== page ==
NY Times Misses the Point
New York Times poor reporting and short term thinking on infrastructure projects ignores realities of infrastructure spending.
"Don't believe the New York Times or the train haters who cite it: High-speed rail is not an $11-billion failure," That is Michael Grunwald in an article in Time magazine. His ire is prompted by poor reporting of the facts, as the article claims that $11 billion has been spent while actually only $2.4 billion has been spent -- and that mostly for planning, design and other pre-construction work according to Mr. Grunwald. The remainder is scheduled to be spent by 2017.
The reality is that large projects, such as high speed rail, take time and planning. As this magazine reported, a bid responding to an RFP for rail cars can take a year to compile, and cost the bidding company upwards of a million dollars. According to the State of Washington Office of Management, 23% for planning public works projects is low. The current approach is not an example of President Barack Obama’s high-speed rail failure, but a reasoned approach to something that will cost billions but will push the US into the 21st Century.
The article in the NY Times also mentions the money spent on the Northeast Corridor from Boston to Washington. That route, the most heavily traveled in the US, is a victim of its success. Having carried billions of passengers, Amtrak is now trying to send high speed trains over a route that was built between the 1830's and 1917. That route is both too curvy and too old to allow Amtrak Acela trains to go at top speed. Fixing this track isn't going to happen quickly, but must be done to connect the major cities along its route. Using funds to upgrade the existing route in the long run is likely to be more economical than trying to put a build a new pathway from DC to Boston.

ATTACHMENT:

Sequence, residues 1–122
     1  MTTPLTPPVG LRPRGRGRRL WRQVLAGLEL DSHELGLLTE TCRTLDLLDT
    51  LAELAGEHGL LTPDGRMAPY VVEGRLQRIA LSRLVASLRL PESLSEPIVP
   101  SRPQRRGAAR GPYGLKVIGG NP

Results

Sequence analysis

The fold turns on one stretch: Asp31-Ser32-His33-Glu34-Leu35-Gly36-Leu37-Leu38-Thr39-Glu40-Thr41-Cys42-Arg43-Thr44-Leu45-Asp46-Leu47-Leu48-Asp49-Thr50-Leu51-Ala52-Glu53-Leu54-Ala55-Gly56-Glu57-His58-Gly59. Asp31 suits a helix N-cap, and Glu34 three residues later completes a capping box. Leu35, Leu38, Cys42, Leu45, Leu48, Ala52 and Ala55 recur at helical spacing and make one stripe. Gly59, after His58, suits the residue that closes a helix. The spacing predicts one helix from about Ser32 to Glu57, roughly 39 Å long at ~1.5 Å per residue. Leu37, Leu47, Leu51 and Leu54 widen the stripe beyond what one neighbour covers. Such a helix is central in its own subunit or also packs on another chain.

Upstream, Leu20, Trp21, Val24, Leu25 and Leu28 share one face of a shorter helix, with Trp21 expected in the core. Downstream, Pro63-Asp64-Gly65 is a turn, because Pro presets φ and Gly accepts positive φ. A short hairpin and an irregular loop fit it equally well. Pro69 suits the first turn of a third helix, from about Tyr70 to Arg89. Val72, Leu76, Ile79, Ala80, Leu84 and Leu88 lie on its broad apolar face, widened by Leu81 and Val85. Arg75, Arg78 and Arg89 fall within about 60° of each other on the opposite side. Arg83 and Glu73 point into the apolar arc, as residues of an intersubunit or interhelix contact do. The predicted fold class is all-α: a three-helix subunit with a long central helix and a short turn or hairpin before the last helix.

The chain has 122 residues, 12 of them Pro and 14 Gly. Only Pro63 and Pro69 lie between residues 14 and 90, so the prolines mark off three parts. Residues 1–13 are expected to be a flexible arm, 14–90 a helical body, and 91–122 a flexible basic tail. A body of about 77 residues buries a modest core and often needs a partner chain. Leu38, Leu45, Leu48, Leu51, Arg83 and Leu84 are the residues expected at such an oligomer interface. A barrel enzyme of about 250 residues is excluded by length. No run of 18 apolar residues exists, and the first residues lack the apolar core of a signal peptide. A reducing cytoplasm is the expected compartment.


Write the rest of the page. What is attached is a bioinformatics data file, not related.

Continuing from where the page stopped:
The recent failure of the grid in Detroit highlights the reality that the problem faced by rail is similar to that faced by our aging electric grid, as well as our telecommunications and crumbling water infrastructure. The question is, how can a Congress that faces elections every two years, and a Senate facing them every six, plan for projects that will take decades? The stop and starting of programs such as tax credits, renewable portfolio and cafe standards have hurt the renewable industry, which has time horizons in years not decades. Infrastructure financing ironically received a boost from the Great Recession, which has lead more investors to the reliable long term cash flows from such projects. Yet much more work must be done as many remain in the thrall of the potential for fast gains in internet startups.
At a time when China is aggressively bidding on Mexico's $3.7 Billion high speed rail project, the US cannot afford to walk away from projects that take time, take money and take planning. The thinking that once it is said, it must be done, is a major stumbling block to much of the innovation that will drive the economy in years to come. Major upgrades and changes will all take time. And planning. But without them, the US will be a twentieth Century economy struggling to compete with the emerging nation powerhouses like China, India and Brazil.